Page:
I hesitated to put up this review of Julia by Sandra Newman since I recently indicated that my reviewing time, limited due to illness, would be devoted to books that really inspired me in some way. Well, this one didn’t, but it was the last commitment I made to NetGalley, so I wrote a brief review for them, which also appeared on GoodReads. I decided to publish it here because it’s related to a classic book that had a big influence on my thinking about power. So here it is.
Julia by Sandra Newman is a re-visioning of the Winston Smith’s love interest in 1984 and was approved by the estate of George Orwell. There have been many recent efforts to give voice to voiceless female characters from classic fiction and epic poetry. My favorite, by far, is Ursula K. Le Guin’s Lavinia, Aeneas’s bride from the Aeneid, a character who is completely silent in Virgil’s poetry, but who is richly re-imagined as a strong, interesting character by Le Guin. By that standard, Julia falls short. There is a lot that Newman does very well, but there is also a lot that is disappointing.
Newman re-creates the world of 1984 and gives Julia a convincing place within it. She is a mechanic in Fiction and keeps the machines running that produce the safe novels that reflect the latest in Big Brother’s thought and NewSpeak. People are constantly disappearing for various thoughtcrimes, “vaporized” in the terms of this world, and Julia manages to get what enjoyment there is to be had from her dorm life, her repair work, the ritualized Hate sessions and other communally enforced behaviors. But mostly she survives on the strength of her internal life and dreams, often of the sex that is considered a serious crime, and she manages a secret sex life that helps her feel alive. She is told she is a Hero of the Party because she betrayed her mother to the authorities as a teenager, but we also learn her backstory and the desperate circumstances that forced her to do this.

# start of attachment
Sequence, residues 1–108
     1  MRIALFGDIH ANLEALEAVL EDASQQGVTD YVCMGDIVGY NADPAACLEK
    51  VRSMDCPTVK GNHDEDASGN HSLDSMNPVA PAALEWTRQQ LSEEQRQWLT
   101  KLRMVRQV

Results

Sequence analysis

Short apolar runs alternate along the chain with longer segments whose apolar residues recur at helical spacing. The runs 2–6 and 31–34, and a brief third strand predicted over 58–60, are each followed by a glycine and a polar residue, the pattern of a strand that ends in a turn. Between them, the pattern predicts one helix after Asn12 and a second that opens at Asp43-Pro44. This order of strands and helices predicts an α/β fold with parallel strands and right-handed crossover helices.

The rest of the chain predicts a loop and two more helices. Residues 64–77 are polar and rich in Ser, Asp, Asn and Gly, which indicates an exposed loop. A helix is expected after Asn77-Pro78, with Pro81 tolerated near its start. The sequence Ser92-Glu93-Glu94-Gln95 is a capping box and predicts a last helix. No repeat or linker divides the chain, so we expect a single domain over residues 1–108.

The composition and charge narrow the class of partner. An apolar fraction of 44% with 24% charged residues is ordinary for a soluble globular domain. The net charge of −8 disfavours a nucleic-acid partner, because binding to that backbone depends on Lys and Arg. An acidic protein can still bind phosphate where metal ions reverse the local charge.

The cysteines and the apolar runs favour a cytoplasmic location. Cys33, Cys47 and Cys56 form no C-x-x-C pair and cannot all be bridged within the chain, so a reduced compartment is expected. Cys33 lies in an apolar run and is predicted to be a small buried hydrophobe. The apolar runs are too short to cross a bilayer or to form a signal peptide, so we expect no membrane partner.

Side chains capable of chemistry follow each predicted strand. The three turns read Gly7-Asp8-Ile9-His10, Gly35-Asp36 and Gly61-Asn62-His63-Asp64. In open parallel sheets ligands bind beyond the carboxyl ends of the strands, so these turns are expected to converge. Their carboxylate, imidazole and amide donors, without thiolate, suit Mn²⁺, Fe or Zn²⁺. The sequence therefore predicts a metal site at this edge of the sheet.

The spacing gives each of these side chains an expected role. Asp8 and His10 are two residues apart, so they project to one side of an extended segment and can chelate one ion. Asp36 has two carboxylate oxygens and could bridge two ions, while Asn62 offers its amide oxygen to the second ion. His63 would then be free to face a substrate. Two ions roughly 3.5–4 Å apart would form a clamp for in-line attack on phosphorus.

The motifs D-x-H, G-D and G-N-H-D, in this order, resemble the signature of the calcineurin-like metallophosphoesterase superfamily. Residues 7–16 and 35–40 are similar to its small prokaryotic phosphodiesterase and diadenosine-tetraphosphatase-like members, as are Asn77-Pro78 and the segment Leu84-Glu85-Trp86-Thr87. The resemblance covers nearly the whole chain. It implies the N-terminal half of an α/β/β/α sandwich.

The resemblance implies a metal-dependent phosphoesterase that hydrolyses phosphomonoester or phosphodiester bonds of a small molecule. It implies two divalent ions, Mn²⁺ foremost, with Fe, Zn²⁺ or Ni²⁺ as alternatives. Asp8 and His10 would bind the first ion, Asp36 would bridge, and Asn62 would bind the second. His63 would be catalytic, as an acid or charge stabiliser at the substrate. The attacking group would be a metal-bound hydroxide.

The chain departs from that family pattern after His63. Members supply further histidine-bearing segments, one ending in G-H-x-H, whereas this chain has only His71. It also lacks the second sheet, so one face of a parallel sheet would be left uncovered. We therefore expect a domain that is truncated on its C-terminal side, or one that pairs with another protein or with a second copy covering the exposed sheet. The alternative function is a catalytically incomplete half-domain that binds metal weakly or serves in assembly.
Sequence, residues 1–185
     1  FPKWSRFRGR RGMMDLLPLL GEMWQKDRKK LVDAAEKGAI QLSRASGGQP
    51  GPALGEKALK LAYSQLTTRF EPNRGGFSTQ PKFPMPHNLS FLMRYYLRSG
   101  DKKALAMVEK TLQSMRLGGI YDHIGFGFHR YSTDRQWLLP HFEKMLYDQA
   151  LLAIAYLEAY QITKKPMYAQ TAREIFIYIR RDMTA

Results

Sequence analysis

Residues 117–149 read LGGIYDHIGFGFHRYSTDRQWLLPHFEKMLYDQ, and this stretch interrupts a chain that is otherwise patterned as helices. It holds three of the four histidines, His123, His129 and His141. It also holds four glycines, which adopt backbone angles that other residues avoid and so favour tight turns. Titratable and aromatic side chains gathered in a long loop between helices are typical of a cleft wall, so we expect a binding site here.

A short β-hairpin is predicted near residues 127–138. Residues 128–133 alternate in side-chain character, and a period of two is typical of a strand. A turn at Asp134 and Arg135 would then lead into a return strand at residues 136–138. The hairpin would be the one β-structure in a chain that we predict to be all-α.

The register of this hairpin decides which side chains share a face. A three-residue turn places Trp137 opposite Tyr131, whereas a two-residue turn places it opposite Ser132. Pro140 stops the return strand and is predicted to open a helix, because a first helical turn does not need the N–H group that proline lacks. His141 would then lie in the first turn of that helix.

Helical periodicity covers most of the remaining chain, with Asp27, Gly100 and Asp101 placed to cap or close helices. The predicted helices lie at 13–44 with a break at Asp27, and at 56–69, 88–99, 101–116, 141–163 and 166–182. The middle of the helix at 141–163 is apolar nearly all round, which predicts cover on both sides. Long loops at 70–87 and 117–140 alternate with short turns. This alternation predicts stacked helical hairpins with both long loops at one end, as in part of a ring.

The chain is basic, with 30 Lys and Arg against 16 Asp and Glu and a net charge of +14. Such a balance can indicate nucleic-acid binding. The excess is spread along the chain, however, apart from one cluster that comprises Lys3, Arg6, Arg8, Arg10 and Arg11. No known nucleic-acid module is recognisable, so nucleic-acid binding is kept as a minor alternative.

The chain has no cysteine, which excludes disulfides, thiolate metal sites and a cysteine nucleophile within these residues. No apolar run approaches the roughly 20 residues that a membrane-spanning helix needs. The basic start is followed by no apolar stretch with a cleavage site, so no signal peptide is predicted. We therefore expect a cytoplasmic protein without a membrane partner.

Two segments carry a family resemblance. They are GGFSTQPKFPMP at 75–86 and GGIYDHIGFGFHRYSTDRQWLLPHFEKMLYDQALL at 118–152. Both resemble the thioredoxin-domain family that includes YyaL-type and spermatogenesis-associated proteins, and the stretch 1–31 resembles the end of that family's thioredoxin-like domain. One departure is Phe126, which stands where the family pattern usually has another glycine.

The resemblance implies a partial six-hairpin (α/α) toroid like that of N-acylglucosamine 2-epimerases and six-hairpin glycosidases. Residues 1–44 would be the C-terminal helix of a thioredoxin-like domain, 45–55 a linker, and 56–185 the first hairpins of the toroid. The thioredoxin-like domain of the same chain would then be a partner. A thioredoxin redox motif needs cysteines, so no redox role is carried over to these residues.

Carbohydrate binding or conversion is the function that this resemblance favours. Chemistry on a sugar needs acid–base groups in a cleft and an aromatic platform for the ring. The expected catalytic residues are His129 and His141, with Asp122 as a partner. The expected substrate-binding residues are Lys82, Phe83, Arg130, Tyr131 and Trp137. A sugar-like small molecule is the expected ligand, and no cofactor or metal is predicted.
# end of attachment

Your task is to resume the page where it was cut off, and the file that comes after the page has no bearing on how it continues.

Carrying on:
Compared to the thinly drawn Julia of 1984, this Julia is a well-rounded character in a world that comes to life, just as much in the description of prole life as in the more privileged and perilous existence of those working for the Party. But she is drawn more deeply into Party ranks by O’Brien, a key figure in the original 1984 who there seduces Smith into thinking he is a secret member of the democratic opposition. This Julia seems swayed by the apparent promise of gaining access to the rich life of the Party elite. What they want of her is for her to use her sexual power to become a whore of the Party. And they are just that blunt about it, after carefully leading up to their plan by playing on her hopes and loyalties. Julia enters this life willingly because she has already been meeting men secretly to have sex. It’s been an important part of her life, one area of imagined freedom and enjoyment in an otherwise regimented existence. But now she is to seduce men identified by the Party, and she becomes an effective agent at getting these men to betray themselves for eventual elimination.
That is the extent of her agency and empowerment, and there is little surprise when she finds she’s only been a tool of the Party all along, an effective spy and collaborator despite her imagined future of life in the more privileged world. The men in power toss her aside as if she were nothing. There is an interesting twist in the story that goes beyond the events of 1984 and promises real liberation, but even that has a predictable crushing end to her hopes. What enables her to survive everything is her ability to detach from what is happening around her and from what she is forced to do and say. But that seems a poor substitute for a real life and made me wonder what the point of writing this novel really was.
The original 1984 was a study in the uses of raw power to turn people into slaves capable of denouncing themselves and believing that their very thoughts made them criminals and worthy of execution. It was told through the eyes of a man who was manipulated by men in power. Julia shows that women could be manipulated even more deeply through their bodies as well as minds, but that isn’t news. It’s what we see around us every day.
My thanks to Mariner Books and NetGalley for an advance review copy of Julia by Sandra Newman for this review, based solely on my own opinions.